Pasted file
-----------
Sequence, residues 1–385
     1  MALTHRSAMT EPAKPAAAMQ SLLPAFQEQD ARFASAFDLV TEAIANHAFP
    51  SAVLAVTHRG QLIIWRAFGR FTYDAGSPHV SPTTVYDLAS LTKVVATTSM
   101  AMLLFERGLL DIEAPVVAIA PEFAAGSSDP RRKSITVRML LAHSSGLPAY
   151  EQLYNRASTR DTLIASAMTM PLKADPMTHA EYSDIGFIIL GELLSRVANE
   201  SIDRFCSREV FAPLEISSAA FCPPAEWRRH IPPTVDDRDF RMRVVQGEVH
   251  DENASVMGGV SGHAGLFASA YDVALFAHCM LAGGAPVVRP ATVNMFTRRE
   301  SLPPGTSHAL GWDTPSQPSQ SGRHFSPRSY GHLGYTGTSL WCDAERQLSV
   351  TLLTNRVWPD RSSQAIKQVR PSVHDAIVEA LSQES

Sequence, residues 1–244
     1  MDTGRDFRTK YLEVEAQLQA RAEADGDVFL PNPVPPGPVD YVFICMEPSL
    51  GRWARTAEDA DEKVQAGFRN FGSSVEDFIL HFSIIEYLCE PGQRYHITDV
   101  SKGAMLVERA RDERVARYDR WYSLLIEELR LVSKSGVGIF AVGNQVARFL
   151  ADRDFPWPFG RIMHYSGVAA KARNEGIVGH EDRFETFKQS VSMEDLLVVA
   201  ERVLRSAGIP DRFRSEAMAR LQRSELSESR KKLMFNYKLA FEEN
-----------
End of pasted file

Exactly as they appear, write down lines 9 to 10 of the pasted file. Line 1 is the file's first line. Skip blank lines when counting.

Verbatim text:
   351  TLLTNRVWPD RSSQAIKQVR PSVHDAIVEA LSQES

Sequence, residues 1–244